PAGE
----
In September and October 1991 five majority Serb areas in Bosnia slipped out of the control of the central government in Sarajevo, and declared themselves Serbian Autonomous Oblasts, or SAOs. The ethnic map provided by the census gave them a blueprint. The idea was simply to push other nations out, and link up one area of red with another. Then those great swathes of red would be linked to the red areas seized by the Croatian Serbs in Croatia, and the “pure red” of Serbia proper. The political message too was clear, and coordinated between the Serb leadership in Croatia, Bosnia, and Serbia. Other nations could leave Yugoslavia if they insisted, but they couldn’t take areas or populations identified as “Serbian” with them. I drove north from Sarajevo to see one of the new Serb creations, the Bosnian Serb Krajina in the north west, centred on Banja Luka. That afternoon, there was a sense of triumph among the Serbs. I crouched in the drizzle on the veranda of a house on the shore of the Una river in Bosanska Kostajnica. There were still occasional bursts of gunfire, amid the nervous chatter of birds, but the news for the Serbs was all good. Hrvatska Kostajnica on the far shore of the river had fallen to their army. Three hundred and twenty Croatian prisoners had been seized. Yugoslav planes, based in Banja Luka, had been bombing targets inside Croatia.

“The Serbs want to live in one land, called Yugoslavia,” Andjelko Grahovac, deputy leader of the SAO of Krajina told me in Banja Luka. And if the other peoples don’t want to live here with you? I asked. “Yes, migrations are expected,” he replied. “I expect Moslems to move to their majority areas. But I don’t expect Serbs to move much!” He was a youngish man, with a clean-shaven face, in green trousers, brown jacket, and dark shirt. In the corner of the room, two men in camouflage uniforms watched us, with surly expressions, their guns leaning against the wall, smoking Marlboro cigarettes. Every now and then Grahovac would interrupt the interview to shout into the phone. Once I caught the word “kommandant.” The fighting would be over in Croatia soon, Grahovac predicted. He radiated confidence. “In six months I will be drinking beer again with my Croat friends.”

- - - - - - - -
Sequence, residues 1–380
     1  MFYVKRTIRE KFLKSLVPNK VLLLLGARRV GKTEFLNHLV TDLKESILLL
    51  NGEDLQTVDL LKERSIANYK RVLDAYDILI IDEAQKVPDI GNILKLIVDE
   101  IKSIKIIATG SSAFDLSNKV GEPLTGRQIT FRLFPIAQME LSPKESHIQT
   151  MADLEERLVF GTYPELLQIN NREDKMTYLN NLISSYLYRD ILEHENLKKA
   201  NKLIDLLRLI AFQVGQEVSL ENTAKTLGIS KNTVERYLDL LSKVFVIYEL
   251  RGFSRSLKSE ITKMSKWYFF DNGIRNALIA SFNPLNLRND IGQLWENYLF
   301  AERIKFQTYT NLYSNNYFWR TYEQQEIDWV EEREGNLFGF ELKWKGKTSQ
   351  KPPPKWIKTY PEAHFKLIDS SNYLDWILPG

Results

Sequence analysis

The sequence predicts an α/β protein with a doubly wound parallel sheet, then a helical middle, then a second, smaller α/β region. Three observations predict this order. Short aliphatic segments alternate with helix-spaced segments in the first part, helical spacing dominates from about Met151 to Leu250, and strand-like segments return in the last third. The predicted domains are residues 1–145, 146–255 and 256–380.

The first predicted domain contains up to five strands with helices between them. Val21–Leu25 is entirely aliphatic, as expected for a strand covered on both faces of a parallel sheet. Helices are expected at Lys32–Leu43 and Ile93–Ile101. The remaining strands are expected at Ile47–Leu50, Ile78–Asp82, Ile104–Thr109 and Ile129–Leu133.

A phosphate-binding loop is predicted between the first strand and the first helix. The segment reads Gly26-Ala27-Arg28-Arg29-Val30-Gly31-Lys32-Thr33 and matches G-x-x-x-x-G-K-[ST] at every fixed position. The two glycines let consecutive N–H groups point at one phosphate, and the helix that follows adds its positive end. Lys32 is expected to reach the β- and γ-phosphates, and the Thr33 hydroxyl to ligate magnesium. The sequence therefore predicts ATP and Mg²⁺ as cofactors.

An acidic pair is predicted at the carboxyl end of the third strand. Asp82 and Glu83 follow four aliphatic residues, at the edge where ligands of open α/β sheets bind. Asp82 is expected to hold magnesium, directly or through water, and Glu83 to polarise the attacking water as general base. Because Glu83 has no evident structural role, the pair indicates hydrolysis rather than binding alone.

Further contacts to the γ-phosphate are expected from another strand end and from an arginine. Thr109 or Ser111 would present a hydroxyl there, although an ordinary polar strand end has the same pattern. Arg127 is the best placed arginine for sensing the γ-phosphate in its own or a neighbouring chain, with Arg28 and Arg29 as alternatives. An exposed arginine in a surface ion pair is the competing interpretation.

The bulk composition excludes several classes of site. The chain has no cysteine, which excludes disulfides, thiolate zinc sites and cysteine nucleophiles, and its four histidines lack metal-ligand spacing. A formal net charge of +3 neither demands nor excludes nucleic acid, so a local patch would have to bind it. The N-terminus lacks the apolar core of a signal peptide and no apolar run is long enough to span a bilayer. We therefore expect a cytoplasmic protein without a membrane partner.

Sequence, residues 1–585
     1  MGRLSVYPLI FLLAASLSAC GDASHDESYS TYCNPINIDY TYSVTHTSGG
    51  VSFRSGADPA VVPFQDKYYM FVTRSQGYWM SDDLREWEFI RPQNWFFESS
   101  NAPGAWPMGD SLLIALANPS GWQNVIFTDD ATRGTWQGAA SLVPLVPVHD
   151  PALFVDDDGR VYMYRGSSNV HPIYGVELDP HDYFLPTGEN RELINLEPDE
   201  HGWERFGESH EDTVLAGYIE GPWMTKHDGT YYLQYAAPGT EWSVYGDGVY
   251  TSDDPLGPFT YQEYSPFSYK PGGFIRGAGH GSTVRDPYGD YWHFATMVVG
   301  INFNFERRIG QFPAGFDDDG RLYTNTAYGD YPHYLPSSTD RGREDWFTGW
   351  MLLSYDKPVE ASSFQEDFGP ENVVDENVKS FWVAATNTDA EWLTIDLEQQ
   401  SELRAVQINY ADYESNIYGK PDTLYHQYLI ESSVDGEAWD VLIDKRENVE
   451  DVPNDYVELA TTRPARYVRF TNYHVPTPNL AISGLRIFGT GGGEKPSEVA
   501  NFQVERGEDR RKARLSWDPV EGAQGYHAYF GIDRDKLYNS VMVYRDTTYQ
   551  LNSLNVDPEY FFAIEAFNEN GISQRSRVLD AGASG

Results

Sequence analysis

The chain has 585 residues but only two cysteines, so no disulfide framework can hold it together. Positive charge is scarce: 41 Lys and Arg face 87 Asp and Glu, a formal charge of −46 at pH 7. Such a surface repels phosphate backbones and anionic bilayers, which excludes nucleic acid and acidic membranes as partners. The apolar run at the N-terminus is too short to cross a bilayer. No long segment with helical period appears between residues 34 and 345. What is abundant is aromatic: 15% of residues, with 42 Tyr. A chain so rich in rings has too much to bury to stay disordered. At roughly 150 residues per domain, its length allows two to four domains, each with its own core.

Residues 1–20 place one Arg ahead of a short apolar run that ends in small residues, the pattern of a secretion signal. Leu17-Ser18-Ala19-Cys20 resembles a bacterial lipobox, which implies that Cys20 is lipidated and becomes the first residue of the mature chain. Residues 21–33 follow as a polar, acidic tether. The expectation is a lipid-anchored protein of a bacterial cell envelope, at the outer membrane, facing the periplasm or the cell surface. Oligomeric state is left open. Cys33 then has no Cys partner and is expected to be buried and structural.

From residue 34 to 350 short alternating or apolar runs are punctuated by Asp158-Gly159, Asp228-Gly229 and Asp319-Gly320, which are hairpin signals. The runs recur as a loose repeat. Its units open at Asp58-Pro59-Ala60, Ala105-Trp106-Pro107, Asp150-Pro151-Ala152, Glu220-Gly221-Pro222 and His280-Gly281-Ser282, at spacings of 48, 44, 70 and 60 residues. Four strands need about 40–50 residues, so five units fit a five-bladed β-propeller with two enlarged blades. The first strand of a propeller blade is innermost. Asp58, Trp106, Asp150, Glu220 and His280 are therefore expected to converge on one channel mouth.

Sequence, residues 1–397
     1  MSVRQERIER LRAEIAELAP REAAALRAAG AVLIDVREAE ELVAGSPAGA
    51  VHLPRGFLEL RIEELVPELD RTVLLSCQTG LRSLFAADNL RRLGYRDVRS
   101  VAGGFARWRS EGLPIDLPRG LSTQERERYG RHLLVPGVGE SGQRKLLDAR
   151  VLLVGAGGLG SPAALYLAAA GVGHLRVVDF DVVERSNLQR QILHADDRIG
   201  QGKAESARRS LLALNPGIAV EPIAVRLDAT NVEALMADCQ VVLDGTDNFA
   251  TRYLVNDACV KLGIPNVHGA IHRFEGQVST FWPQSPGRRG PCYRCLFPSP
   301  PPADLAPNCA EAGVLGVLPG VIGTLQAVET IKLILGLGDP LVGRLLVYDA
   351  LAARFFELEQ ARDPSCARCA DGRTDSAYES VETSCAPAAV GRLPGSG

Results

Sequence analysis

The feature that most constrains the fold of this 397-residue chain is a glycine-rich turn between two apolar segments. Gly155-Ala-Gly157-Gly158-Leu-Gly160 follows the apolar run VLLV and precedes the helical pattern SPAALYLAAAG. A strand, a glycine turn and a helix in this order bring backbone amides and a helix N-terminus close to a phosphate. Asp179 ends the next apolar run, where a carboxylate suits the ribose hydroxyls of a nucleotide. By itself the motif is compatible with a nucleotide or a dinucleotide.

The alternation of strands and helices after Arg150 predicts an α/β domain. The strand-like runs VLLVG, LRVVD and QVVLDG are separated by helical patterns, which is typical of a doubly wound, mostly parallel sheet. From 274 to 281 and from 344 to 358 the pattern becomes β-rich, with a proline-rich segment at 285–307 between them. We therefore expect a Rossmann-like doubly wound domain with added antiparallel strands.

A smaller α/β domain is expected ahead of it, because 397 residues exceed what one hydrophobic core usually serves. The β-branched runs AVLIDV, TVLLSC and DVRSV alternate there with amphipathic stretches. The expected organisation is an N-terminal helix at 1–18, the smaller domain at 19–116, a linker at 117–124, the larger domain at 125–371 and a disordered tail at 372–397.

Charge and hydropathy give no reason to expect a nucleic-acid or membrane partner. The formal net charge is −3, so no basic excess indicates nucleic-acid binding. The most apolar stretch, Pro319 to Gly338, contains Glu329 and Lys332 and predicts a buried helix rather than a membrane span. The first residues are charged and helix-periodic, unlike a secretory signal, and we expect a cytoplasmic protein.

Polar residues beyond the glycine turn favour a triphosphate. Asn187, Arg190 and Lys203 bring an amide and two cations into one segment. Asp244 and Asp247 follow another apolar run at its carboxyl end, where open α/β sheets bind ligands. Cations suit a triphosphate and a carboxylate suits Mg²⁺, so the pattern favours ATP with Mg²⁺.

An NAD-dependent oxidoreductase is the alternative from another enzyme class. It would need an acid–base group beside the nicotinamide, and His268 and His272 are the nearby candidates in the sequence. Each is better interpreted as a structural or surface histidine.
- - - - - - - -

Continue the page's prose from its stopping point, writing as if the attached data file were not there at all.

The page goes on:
I met one of the Bosniaks who was doing his best to stay in Banja Luka, Muharem Krzic, leader of the local branch of the Bosniak Party of Democratic Action (SDA), and a veterinary doctor by profession. He insisted on taking me out to lunch in the restaurant of the Banja Luka castle. In hushed tones, he described the persecution of the Bosniaks which had already started, those kicked out of their workplaces, the growing acts of violence. He slept with a small pistol under his pillow. His wife objected to it at first. Now she checked each evening, to make sure it was there.

“Every day we fear they will come and arrest us. I do not believe I will be alive in a month’s time,” he told me. “If the massacres start, by then it will be too late. Do not come back. Then we will defend ourselves,” were his parting words.

Before leaving Banja Luka for the drive to Sarajevo, we had to find petrol. All the filling stations were empty, as the Bosnian Serbs supplied their brethren’s war effort in Croatia. Andjelko Grahovac personally guided us to a filling station in a back street, and ordered the attendants to fill our tank. In peace as in war, the Serbs took delight in their own generosity, and in the gratefulness of the growing number of people whose fate depended on their whim or fancy.

In Sarajevo, the mood among the Bosniaks was nowhere near so gloomy.